Without a GPS it is hard to find locations in and around Charlottesville. Our apartment is no exception. Our apartment complex is just off Mountainwood Drive. Like so many roads in the area it is a winding, tree-lined lane. Drivers like us, new to the area, just naturally drive a little slower, trying not to get lost, and taking time to enjoy the scenery. The green canopy above the road creates a tree tunnel. Leaves are just starting to change with the shorter days of autumn.
Mountainwood Drive is just off 5th Street. 5th is a two lane street with access to a freeway. The term street doesn’t quite describe it. It is a road busier than a lane or an avenue; faster moving than a boulevard or thoroughfare; you might accurately describe it as a busy highway.
Wait a minute. Zoom in on that picture of 5th Street. Did you see what I thought I saw?
Sure enough those are geese. Two Canadian Geese are in the center dividing strip of this busy highway. Don’t they know it is dangerous there? Cars are zipping by at 45 mph. They seem unfazed by the commotion all around them.
Once this summer, in a large park with a pond, we spotted geese. However, our area has been goose free since we arrived in July. This pair must be just hanging out for a while, eating the seeds on the grass and watching for that big V in the sky.
Two weeks have passed. Our feathered friends are still living in the grassy center section of 5th Street. We must pass this spot six times a day and they are always there. They appear to be birds of above average intelligence. We have never seen them step onto the asphalt. The instinct to fly further south must be stirring inside their goose-flesh, but the feeling isn’t stirring very strong. They travel light, no luggage marked “Florida or Bust”, but with colder weather coming they must be thinking about winter retirement in the sunshine state.
There has to be a good spiritual analogy for the geese who live on 5th street. After all, this blog is written by missionaries. How about this familiar scripture about perilous times from 2nd Timothy, Chapter 3:
1 This know also, that in the last days perilous times shall come.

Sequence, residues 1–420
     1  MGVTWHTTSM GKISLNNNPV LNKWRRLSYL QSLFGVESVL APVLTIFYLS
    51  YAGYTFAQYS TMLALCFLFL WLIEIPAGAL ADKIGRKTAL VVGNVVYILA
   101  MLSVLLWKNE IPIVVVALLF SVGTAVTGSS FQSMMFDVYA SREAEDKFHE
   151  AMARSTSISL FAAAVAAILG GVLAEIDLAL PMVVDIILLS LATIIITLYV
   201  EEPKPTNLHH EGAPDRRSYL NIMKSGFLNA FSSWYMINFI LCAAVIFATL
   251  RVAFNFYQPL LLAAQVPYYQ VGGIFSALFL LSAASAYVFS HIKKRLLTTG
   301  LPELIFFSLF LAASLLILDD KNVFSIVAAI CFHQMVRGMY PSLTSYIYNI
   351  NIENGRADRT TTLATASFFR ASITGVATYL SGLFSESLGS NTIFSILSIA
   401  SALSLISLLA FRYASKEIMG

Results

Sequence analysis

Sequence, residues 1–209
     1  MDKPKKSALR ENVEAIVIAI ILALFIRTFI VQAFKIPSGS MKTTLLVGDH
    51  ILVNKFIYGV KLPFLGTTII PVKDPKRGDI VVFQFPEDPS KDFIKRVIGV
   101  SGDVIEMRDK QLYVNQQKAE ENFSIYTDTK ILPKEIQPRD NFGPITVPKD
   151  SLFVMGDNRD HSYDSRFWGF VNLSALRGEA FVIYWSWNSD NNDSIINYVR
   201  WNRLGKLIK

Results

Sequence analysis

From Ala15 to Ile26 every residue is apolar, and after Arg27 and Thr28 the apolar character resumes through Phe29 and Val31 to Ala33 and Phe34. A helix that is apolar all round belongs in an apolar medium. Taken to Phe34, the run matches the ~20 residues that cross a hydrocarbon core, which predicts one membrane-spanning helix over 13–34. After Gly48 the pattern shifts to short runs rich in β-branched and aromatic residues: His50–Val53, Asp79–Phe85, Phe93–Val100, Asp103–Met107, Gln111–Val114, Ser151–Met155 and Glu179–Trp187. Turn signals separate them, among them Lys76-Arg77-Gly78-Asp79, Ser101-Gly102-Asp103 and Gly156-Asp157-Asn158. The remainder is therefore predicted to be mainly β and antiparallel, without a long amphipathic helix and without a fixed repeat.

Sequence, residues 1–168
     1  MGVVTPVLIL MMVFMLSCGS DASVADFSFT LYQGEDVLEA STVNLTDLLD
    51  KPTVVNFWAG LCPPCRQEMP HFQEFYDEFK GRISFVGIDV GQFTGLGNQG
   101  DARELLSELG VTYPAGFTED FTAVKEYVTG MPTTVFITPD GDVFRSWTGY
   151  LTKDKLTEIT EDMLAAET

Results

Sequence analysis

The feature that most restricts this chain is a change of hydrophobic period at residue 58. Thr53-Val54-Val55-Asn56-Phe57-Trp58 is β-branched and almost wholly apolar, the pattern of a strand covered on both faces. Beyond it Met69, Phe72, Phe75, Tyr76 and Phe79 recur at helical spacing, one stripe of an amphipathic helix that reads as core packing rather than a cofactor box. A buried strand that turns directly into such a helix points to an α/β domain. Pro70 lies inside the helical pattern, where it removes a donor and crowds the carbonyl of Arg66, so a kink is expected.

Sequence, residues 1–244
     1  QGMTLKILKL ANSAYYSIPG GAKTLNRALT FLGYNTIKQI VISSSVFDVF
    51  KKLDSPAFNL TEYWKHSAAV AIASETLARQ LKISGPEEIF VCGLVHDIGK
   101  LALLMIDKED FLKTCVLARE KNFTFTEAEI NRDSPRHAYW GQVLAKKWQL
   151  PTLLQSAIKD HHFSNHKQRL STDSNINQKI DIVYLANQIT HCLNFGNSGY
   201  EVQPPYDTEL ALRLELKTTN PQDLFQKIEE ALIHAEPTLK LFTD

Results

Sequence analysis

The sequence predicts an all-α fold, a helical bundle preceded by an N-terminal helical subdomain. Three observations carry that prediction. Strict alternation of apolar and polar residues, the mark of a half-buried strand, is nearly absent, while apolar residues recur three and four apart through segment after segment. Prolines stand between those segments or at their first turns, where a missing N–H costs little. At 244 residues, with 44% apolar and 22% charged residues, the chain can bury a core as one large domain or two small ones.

2 For men shall be lovers of their own selves, covetous, boasters, proud, blasphemers, disobedient to parents, unthankful, unholy,
3 Without natural affection, trucebreakers, false accusers, incontinent, fierce, despisers of those that are good,
4 Traitors, heady, highminded, lovers of pleasures more than lovers of God;
5 Having a form of godliness, but denying the power thereof: from such turn away.
6 For of this sort are they which creep into houses, and lead captive silly women laden with sins, led away with divers lusts,
7 Ever learning, and never able to come to the knowledge of the truth.
We live in perilous times, an unavoidable cliché. We hesitate to attribute any of the listed negative attributes to the geese (notice the catchy verb/noun combination). Hopefully the characteristics described in this scripture are far from our own. But, phrase by phrase, we can all see fulfillment of this prophecy about the last days.
We are much more like the geese than we care to admit. All around us is the obvious peril of the last days. We worry about families, children and grandchildren. For safety these geese must stay in a straight and narrow strip of grass on a busy highway. We must stay on the straight and narrow path, holding on to the iron rod, listening to prophets, and working to come to a knowledge of the truth for ourselves.
For the geese and for us these are perilous times.
“This know also, that in the last days perilous times shall come.” (2 Timothy 3:1)